It has been the law in Illinois that a person is not allowed to record conversations without the other person(s) consent. To do that was deemed to be “eavesdropping” and illegal under Illinois law. Illinois’ eavesdropping law was considered to be one of the toughest laws in the country. Two decisions by the Illinois State Supreme Court this month have changed that, declaring that the law is overbroad and unconstitutional.
One case, The People of Illinois v. Annable Melongo (Melongo) focused on a woman who recorded several telephone conversations she had with an Assistant Administrator of the Cook County Court Reporter’s Office, Criminal Division concerning a dispute over the accuracy of the transcript of her arraignment.
The Other case, The People of Illinois v. Deforest Clark (Clark) concerned Mr. Clarke using an eavesdropping device to record conversations. He was accused of recorded a conversation between himself and an attorney without her consent. He was also accused of recording a different conversation that he had with a judge and the same attorney, again without their consent.
In 1994 Illinois Supreme Court ruled in People v. Herrington, it is okay for one person in a conversation to record the conversation. The court noted there is no expectation of privacy between the people involved in the conversation.
In response, the Illinois legislature passed a law declaring that knowingly using an electronic listening devise to listen to or record a conversation, without the knowledge of ALL of the people involved is eavesdropping and illegal. This law applies to any conversation anywhere and at any time, with certain exceptions for law enforcement or criminal activities. The intent – to assure people that their conversations would not be recorded without their consent.
The Illinois State Supreme Court has ruled in both the Melongo and Clark cases that the 1994 rewriting of the eavesdropping law by the Illinois legislature is overbroad.
The United States Supreme Court has ruled that statutes which may deter or chill constitutionally protected speech are considered to be overbroad in nature. Challenges to laws based on overbreadth are permissable even by people whose conduct has been determined to be not protected. That standard has been set because of the chilling effect such laws have on innocent people not otherwise willing to bring such challenges to court for fear of punishment. Furthermore, in order to invalidate a law because it is overbroad, the overbreadth must be substantial.
It does not matter if the speech in either the Melongo or Clark cases is constitutionally protected because the law must be narrowly written so as to not punish people who would otherwise believe that they were not breaking the law.
In Melongo, the recordings were that of telephone conversations so as to have an accurate record of her attempt to correct what she believed to be an inaccurate official court transcript.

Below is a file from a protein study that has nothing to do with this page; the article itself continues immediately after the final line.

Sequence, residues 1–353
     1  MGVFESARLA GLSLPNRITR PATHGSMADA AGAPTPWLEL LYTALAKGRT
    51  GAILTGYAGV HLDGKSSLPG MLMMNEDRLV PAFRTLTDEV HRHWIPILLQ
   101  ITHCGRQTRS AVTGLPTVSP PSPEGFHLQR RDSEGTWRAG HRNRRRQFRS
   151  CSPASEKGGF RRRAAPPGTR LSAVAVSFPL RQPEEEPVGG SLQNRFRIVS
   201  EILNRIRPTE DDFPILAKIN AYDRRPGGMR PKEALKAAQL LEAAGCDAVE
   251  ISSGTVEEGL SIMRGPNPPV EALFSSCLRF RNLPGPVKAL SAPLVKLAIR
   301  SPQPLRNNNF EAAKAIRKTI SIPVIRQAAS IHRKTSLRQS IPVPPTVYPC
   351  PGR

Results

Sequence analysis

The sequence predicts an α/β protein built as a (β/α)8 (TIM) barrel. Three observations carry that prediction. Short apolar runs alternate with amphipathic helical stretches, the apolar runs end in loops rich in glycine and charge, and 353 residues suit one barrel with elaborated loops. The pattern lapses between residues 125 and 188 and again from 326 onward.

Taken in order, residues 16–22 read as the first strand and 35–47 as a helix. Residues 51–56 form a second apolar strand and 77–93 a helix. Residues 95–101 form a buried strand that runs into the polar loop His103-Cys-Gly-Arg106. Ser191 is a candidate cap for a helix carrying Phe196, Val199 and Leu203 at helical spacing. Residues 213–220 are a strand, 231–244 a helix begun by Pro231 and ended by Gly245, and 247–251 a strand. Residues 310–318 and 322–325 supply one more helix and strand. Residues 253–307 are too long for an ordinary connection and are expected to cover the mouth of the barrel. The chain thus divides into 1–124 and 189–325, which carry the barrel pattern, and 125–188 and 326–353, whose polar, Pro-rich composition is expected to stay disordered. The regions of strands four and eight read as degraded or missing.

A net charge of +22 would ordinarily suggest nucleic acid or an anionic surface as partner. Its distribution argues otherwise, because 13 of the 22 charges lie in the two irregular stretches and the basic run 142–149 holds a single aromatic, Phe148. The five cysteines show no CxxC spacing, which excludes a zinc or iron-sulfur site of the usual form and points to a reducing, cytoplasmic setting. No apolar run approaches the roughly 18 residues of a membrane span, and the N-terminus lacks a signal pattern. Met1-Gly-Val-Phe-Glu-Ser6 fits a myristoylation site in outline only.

In Clark, one recording is that of a court hearing with no court reporter being present, the defendant believed it important to record the proceedings for record. The second recording is of a conversation with opposing council in the hallway of the courthouse for the defendant’s own personal information.
EXPECTATION OF PRIVACY
The Illinois State Supreme Court continued its focus on the expectation of privacy, just as it did in 1994, in determining if the current law was overbroad. The court determined in Melongo that based on their findings in the Clark decision the law criminalizes a wide arrange of innocent conduct and therefore the law cannot be sustained.
In Clark, the court concluded that persons involved in a public hearing where it is common to have a court reporter and where such records are of a public nature, could have no overbroad. The court also concluded that the recording of the attorney in the hallway of the courthouse also cannot be penalized because due to all of the people and foot traffic through the hallway, if an attorney truly wanted to keep a conversation confidential, they would not hold it in a busy hallway of a public building. For those reasons the court found that the law could not be upheld under scrutiny.
The court found that because the Illinois statute prohibited recording of ALL conversations without EVERYBODY’S permission without taking into regard the expectation of privacy is overbroad. The court found that making it illegal to record someone standing on the street corner yelling and screaming with clearly no expectation of privacy, or political speech in the public square with clearly no expectation of privacy, or interaction between a police officer and the general public in public, does not fit the standard of narrowly tailoring in order to not chill free speech, set forth by the United States Supreme Court when dealing with constitutionally protected free speech issues.
Until the Illinois legislature can craft a bill which provides for privacy in conversation without penalizing large areas of innocent activity, recording public and non-private conversations (conversations with no expectation of privacy) is most likely allowed in Illinois.
Charles Hutchinson is principal in the Law Office of Charles Hutchinson located in Wilmette, Illinois. He can be reached by email at Charles@CharlesHutchinsonLaw.om and by phone at (312) 259-0672.